The Night She Disappeared: A Review

The Night She Disappeared by April HenryGabie drives a Mini Cooper. She works at Pete’s Pizza where she makes deliveries. She’s the girl the customer asked for on Wednesday when Kayla was making deliveries. Gabie is the girl that would have been taken if she and Kayla hadn’t swapped shifts.

Now Kayla is gone. Gabie can’t stop thinking about how it should have been her that night. Drew–the boy who took the call–keeps wondering if he should have done something.

With Kayla dead or maybe worse, Gabie becomes obsessed with the investigation and–if she can–with finding Kayla. Riddled with guilt and his own desire to see help both girls, Drew decides to help. With time running out and few leads, Gabie and Drew will have to work together to prove that Kayla is alive and to find Kayla before she isn’t anymore in The Night She Disappeared (2012) by April Henry.

The Night She Disappeared is a well-assembled page-turner with a multimedia aspect as receipts, news clippings and other ephemera are interspersed to help tell the story. Short chapters with varied viewpoints and Henry’s straightforward prose make this book very readable with appeal for both avid and reluctant readers.

Although Gabie’s connection to Kayla pushes the limits of plausibility in this contemporary mystery, it still does add a unique dimension to the story. With no supernatural sideline and minimal romance, The Night She Disappeared is more in the vein of traditional mysteries as Gabie and Drew move through their investigation. Every piece works well here to create a tense narrative that builds to a surprising, action-packed conclusion.

Possible Pairings: Find Me by Romily Bernand, Breaker by Kat Ellis, I Hunt Killers by Barry Lyga, Acceleration by Graham McNamee, Amelia Anne is Dead and Gone by Kat Rosenfield, Living Dead Girl by Elizabeth Scott, Missing Abby by Lee Weatherly, Wherever Nina Lies by Lynn Weingarten, Cathy’s Book: If Found Call 650-266-8233 by Jordan Weisman and Sean Stewart

Where Things Come Back: A (Rapid Fire) Review

Where Things Come Back by John Corey WhaleyWhere Things Come Back by John Corey Whaley (2011)

Lily, Arkansas is a hopeless place full of sad people who tried to leave but failed. Cullen Witter, like a lot of people, wants desperately to get out of this stifling small town. The summer before his senior year in high school Cullen sees his first corpse. Then he sees the body of his cousin who overdosed on drugs. Later, after the corpses and the end of school, the entire town becomes obsessed with a woodpecker–long thought extinct–who may or may not be hiding in the woods around Lily. Stranger still, Cullen’s brilliant brother, Gabriel, disappears.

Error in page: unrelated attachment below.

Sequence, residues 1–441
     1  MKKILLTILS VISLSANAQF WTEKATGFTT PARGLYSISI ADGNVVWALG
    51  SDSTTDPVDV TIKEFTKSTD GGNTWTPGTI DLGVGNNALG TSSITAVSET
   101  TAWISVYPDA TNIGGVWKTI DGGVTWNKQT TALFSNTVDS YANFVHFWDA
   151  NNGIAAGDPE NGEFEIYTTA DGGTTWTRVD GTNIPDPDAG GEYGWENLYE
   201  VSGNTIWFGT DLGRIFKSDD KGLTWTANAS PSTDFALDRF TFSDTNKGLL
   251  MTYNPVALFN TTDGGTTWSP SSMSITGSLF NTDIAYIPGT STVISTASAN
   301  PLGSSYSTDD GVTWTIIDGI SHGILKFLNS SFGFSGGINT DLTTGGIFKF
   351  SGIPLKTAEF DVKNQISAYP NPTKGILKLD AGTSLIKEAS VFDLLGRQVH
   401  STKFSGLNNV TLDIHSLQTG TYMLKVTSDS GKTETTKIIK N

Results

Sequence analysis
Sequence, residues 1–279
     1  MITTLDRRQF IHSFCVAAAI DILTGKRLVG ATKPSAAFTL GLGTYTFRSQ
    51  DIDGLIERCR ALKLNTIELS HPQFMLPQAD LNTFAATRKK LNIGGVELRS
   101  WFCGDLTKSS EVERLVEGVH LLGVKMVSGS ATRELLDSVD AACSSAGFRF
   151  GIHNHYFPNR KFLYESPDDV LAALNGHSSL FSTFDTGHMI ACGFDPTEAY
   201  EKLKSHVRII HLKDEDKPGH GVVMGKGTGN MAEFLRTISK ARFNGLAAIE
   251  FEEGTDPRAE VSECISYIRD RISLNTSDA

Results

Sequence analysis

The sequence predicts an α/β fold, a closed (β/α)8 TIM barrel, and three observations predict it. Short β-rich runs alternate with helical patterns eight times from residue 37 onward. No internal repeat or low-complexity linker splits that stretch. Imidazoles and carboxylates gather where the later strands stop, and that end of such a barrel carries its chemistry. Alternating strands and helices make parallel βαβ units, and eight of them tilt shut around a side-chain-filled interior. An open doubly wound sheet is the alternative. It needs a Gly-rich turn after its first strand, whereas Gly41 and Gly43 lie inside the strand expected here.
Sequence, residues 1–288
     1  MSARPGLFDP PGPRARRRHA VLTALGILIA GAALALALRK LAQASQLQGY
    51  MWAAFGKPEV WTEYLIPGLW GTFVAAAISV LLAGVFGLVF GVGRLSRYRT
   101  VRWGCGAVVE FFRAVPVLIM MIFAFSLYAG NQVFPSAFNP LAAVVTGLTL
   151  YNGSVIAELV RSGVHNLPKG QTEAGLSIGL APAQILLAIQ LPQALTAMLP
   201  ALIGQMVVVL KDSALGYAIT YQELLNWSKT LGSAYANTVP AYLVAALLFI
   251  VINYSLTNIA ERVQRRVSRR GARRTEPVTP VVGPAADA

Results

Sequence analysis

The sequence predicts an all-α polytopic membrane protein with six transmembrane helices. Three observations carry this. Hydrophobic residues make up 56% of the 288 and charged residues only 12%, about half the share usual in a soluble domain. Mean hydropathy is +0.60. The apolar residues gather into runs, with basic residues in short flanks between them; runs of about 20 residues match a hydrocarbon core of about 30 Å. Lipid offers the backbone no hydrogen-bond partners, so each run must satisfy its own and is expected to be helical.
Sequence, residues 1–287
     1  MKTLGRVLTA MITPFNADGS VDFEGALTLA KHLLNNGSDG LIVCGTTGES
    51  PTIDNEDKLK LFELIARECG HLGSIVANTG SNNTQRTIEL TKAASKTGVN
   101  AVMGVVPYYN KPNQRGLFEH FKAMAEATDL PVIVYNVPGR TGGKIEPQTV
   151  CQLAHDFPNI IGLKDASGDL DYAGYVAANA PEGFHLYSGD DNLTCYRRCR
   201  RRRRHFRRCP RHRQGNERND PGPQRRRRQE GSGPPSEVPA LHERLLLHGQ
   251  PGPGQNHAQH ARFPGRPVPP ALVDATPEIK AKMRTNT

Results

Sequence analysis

Chapters from Cullen’s first person narration are interspersed with third-person narratives from two unlikely missionaries. Other reviews will talk about these stories entwining in strange and surprising ways. They might also call this novel a mystery. I disagree with both statements.

Whaley’s debut novel was the winner of both the 2012 Printz Award and the 2012 Morris Award. While the prose is extremely literary, I contend there is very little mystery in this story. The narratives are not particularly shocking in the ways in which they overlap or the general story. Given the plot structure, the big reveal was ultimately predictable.

Where Things Come Back is about nothing so much as it is about waiting. The town is waiting for a woodpecker to return and change its fate. Cullen is waiting for his chance to get away and also for a simpler but much harder thing: the return of his missing brother. There are interesting ideas to be unpacked in this world of waiting–ideas that Whaley does examine in interesting ways.

Unfortunately that is never quite enough to make the story into a page-turner or anything more than a thoughtful, brief, meditation on the randomness of life.

Writerly prose can be found throughout the story which works in some instances to help Cullen develop a very unique voice. At the same time, it always feels like this novel is trying very hard to be thoughtful and contemplative in a way that feels forced.

Cullen’s mind wanders throughout the narrative as he goes off on tangents. While these flights of fancy are amusing (as Cullen imagines his town overrun by zombies and the like) they distract from the plot immensely. The structure reminded me so much of the “If you give a mouse a cookie” books that it became the only thing I could imagine as I read these imaginings. Worse, these elements added nothing to the story except to create a titillating ending that leaves a tiny bit of room for discussion.

By the end of the story, Where Things Come Back became a strange and arbitrary novel with a mildly interesting (and very open) ending.